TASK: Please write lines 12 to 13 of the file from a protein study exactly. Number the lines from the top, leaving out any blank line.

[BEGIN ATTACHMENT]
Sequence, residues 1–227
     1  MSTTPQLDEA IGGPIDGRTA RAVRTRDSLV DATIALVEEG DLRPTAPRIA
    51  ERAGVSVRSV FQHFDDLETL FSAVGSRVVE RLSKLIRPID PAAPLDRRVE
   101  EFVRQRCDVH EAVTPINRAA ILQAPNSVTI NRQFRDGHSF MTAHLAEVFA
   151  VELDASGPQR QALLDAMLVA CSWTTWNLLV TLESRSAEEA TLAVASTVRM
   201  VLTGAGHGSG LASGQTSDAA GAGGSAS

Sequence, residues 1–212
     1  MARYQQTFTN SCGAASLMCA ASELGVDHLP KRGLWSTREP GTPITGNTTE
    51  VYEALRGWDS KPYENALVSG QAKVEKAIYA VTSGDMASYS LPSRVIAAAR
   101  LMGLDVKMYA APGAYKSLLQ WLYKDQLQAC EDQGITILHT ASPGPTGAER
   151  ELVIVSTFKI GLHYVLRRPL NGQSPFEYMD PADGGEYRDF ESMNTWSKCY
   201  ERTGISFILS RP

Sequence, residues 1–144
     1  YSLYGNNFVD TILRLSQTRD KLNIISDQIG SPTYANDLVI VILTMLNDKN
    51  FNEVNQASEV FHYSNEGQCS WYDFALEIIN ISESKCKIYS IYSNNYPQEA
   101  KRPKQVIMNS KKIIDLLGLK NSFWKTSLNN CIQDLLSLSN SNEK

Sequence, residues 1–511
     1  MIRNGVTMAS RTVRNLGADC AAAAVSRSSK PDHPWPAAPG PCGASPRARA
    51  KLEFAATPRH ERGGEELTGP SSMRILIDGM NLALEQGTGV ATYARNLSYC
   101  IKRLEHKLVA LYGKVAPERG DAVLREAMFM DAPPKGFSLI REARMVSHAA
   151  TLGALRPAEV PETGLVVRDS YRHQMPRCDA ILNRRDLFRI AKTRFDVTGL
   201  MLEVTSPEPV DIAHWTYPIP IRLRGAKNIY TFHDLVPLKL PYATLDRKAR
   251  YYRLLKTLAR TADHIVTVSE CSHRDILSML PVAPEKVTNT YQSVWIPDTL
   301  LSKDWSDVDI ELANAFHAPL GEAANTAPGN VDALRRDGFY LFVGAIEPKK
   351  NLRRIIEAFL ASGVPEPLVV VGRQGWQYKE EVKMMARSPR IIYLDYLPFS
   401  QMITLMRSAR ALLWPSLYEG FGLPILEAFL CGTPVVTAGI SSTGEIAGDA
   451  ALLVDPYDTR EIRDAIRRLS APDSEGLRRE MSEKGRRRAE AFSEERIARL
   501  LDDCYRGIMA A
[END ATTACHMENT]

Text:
   201  ERTGISFILS RP

Sequence, residues 1–144